You want to wait to see what is going on around you, and if you don't have any particularly enticing reason to go for any one strategy, then it can pay off in spades for you to wait. Who knows? You might end up getting passed three Volition Reins.
But at the same time, there's a lot to be said for going after something and then sticking with in.
I know a lot of players who are willing to force infect or metalcraft beginning with the very first pick of the draft. The players who I know who have been able to pursue these types of bullheaded strategies successfully tend to have a very good understanding of the format and a very impressive ability to follow through on their commitments.
For example, while I mentioned earlier in the article that I would go for the significantly stronger card when faced with a pick like Vector Asp vs. Rusted Relic in a deck that is already (a little ways) on the way to infect, a truly committed player who believes strongly in forcing infect would pretty much never make that pick.
Does that mean that there is one right way to draft the format and one wrong way to draft the format? Well, maybe depending on the people that you're drafting with—but certainly not when you sit down for a draft on Magic Online, or in the Top 8 of a Pro Tour Qualifier, or at a new store with seven players you've never seen before.
No, in those types of situations you need to weigh the pros and cons of committing very strongly to a strategy—pushing players nearby out of it and picking up all the spoils for yourself (but potentially getting cut off / not getting the pieces that you need/ not getting many chances at anything too impressive)—versus leaving your options open and waiting to see what the other players at your table are doing (but potentially scrambling for cards late if you didn't get enough of a good foundation for your deck early on while you were shifting between multiple different strategies).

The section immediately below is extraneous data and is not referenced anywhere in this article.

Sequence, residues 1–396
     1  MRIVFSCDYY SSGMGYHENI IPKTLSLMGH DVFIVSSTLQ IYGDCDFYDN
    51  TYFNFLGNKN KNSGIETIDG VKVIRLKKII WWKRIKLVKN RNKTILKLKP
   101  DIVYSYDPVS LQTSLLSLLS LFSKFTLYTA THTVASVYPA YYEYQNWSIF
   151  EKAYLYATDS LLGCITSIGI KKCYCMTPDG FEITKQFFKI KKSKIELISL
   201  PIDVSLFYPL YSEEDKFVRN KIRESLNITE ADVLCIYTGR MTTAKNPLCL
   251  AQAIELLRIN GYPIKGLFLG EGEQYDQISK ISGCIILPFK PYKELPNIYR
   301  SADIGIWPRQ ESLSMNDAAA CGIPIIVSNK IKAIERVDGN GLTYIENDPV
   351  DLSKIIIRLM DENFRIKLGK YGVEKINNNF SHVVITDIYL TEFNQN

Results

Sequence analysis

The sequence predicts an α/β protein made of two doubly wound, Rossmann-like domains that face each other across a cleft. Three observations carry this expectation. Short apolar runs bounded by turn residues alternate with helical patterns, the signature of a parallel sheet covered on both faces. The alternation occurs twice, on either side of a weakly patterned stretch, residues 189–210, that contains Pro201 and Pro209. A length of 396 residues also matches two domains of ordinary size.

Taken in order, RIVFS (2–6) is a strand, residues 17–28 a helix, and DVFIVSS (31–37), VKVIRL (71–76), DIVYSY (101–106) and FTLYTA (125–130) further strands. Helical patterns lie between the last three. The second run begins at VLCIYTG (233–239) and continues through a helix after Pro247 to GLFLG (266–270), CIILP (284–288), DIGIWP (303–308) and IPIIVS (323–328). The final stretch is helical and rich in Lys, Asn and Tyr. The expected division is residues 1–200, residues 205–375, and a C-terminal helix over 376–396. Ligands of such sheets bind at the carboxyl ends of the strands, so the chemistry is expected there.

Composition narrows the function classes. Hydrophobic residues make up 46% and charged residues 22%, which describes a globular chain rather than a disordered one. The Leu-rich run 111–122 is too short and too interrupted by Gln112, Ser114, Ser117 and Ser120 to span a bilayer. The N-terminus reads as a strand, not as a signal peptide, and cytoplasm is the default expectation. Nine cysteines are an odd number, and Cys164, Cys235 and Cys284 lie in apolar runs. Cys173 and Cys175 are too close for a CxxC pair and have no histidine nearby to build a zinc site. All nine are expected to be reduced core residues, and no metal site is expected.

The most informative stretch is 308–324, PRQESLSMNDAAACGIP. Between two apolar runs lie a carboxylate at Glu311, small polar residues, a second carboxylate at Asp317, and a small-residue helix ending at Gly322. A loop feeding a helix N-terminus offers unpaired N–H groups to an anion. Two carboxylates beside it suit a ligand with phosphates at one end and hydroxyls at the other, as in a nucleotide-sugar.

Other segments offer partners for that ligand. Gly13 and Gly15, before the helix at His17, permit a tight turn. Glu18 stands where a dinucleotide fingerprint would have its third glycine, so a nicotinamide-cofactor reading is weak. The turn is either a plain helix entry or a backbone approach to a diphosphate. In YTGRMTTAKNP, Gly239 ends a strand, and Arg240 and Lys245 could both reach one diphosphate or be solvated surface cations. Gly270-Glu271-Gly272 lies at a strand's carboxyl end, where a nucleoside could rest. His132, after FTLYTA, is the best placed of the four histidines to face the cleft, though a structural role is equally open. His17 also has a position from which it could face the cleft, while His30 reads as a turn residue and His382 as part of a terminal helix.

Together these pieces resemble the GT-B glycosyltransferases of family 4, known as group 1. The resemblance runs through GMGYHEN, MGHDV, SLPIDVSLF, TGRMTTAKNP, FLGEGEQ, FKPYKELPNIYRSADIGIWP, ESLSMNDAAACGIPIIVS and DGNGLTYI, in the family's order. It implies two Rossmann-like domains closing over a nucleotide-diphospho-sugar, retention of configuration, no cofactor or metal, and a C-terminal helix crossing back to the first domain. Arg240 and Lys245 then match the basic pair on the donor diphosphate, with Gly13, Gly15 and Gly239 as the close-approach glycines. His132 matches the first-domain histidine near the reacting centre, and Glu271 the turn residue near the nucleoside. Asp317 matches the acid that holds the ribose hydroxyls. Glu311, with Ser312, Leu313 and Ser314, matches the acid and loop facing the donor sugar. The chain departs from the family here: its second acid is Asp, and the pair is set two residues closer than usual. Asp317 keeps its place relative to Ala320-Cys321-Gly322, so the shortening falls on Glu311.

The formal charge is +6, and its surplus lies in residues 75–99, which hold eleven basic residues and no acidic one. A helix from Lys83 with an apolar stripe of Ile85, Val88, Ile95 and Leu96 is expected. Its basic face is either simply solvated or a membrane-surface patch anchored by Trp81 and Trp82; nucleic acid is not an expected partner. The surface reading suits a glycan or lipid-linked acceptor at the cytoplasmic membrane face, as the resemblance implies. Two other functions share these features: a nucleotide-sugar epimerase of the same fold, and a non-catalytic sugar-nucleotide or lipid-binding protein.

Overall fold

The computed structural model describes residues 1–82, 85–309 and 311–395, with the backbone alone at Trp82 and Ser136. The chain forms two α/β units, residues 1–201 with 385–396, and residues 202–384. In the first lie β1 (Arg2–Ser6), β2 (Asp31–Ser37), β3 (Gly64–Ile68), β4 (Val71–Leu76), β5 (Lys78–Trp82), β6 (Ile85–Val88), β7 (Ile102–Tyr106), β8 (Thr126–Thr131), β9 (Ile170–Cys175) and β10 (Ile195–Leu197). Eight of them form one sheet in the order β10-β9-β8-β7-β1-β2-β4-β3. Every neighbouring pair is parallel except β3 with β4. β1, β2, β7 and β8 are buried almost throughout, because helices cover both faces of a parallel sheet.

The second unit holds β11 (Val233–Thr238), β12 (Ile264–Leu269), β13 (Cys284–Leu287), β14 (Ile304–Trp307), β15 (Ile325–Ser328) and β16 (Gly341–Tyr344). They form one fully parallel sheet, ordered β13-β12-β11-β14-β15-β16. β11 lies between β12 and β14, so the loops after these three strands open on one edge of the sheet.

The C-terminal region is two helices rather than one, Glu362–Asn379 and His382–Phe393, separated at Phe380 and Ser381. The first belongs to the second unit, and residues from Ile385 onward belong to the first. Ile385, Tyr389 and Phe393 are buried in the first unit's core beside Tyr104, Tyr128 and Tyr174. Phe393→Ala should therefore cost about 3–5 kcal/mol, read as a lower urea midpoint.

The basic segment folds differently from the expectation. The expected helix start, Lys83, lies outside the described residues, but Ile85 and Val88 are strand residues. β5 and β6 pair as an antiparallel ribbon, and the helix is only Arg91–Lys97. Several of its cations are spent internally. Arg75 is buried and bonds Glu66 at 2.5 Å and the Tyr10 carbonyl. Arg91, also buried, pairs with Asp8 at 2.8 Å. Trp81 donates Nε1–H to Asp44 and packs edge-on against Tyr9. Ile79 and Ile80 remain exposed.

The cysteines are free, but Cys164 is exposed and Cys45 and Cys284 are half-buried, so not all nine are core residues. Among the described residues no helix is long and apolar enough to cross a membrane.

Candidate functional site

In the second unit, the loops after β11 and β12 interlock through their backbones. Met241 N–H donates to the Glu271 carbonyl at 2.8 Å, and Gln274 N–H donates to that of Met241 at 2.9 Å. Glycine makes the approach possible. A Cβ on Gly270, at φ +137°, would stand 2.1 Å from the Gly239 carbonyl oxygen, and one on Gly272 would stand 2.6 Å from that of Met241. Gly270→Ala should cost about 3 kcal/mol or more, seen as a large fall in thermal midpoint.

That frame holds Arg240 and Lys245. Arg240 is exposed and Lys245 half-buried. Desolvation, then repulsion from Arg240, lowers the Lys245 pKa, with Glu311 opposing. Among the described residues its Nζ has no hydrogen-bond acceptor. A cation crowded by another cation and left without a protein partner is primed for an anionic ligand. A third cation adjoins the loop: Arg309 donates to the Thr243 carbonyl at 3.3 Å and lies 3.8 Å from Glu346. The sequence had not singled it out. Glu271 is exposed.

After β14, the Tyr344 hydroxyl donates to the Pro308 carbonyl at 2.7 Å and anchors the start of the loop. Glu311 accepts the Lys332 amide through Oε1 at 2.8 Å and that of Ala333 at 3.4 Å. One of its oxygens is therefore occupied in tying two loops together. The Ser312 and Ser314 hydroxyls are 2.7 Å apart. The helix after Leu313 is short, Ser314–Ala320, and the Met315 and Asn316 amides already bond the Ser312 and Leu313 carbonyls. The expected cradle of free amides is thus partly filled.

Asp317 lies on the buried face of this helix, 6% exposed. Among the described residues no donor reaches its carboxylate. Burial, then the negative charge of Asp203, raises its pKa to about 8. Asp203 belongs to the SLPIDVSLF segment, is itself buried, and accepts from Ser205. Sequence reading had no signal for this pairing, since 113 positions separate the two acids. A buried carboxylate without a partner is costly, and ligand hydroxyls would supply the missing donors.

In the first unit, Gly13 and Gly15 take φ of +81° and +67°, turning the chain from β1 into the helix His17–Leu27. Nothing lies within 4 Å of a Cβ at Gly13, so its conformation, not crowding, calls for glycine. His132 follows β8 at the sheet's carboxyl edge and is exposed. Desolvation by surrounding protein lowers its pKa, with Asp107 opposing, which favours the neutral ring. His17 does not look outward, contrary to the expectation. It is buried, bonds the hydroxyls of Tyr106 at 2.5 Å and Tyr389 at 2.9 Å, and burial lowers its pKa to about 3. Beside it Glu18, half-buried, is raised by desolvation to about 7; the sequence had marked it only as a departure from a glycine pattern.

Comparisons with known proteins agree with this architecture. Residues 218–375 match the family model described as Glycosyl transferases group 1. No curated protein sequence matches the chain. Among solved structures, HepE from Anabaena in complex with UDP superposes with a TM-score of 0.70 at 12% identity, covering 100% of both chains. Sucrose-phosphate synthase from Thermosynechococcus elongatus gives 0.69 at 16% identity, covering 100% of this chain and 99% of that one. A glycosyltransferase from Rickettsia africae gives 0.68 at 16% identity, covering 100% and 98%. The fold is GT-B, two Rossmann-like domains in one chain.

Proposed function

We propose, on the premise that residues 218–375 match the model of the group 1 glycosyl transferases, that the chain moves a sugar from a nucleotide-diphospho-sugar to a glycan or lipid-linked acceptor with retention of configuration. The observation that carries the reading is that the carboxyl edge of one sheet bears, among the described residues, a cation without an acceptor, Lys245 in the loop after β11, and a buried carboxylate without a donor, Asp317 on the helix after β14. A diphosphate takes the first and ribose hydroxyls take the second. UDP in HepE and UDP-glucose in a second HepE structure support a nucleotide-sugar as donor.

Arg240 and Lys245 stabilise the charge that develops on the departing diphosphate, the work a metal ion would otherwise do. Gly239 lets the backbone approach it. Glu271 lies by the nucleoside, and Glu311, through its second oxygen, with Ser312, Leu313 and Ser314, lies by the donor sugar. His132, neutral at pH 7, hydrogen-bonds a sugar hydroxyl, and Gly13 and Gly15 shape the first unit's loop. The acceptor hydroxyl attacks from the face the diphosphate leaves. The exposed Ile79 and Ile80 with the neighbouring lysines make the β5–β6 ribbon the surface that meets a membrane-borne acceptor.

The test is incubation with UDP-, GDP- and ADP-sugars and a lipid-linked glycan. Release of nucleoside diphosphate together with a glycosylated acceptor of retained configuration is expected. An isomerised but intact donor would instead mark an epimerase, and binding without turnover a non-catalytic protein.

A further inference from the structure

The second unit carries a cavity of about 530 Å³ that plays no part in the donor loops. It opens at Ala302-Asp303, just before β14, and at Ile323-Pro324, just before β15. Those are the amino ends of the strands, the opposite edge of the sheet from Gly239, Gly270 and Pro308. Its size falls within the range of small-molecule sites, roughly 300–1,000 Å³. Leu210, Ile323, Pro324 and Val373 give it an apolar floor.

Changing Things Up (a Little Bit)
You might start your draft off on the road to metalcraft, but then end up with a red-white beatdown deck that features a small artifact subtheme (perhaps to power up your Glint Hawks).
Or you might start off drafting infect, but then end up with a more straightforward black-green midrange deck.
These types of deviations don't tend to arise from a lack of conviction or a lack of follow-through—but rather from card availability, or very clear signals that you come upon while trying to follow through on your earlier picks.
Don't be afraid to take your deck in a slightly different direction than you might have intended it to go, especially if you are already into the second pack.
Once you are a couple of picks into the second pack (maybe a little bit later if you are metalcraft—or a little bit earlier if you are a more straightforward two-color deck) then you really need to make sure that you end up with a good deck.
Sure, you can still make some speculative picks in the second, or even the third pack. But above all else, if you didn't end up with too many playables for any one deck in the first pack then you need to make sure that the majority of the cards you take will end up in your final deck. Otherwise you could find yourself in a very bad situation when it finally comes time for you to make a deck out of the forty-two cards that you've drafted.